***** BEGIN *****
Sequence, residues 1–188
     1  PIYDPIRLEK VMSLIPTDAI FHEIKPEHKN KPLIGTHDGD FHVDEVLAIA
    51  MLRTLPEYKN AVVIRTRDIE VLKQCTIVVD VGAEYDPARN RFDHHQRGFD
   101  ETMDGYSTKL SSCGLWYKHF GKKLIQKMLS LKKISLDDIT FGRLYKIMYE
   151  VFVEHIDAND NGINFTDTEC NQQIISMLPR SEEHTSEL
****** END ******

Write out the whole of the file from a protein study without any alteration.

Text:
Sequence, residues 1–188
     1  PIYDPIRLEK VMSLIPTDAI FHEIKPEHKN KPLIGTHDGD FHVDEVLAIA
    51  MLRTLPEYKN AVVIRTRDIE VLKQCTIVVD VGAEYDPARN RFDHHQRGFD
   101  ETMDGYSTKL SSCGLWYKHF GKKLIQKMLS LKKISLDDIT FGRLYKIMYE
   151  VFVEHIDAND NGINFTDTEC NQQIISMLPR SEEHTSEL